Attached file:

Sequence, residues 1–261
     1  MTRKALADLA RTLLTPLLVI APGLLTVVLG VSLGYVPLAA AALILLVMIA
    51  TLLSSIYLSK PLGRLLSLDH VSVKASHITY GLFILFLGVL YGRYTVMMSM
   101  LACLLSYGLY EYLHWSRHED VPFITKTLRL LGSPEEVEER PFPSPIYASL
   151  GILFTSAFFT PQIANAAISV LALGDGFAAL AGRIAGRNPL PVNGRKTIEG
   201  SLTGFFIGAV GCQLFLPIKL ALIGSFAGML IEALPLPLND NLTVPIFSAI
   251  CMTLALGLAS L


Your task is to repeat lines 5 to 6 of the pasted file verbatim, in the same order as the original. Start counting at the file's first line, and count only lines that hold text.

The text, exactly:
   151  GILFTSAFFT PQIANAAISV LALGDGFAAL AGRIAGRNPL PVNGRKTIEG
   201  SLTGFFIGAV GCQLFLPIKL ALIGSFAGML IEALPLPLND NLTVPIFSAI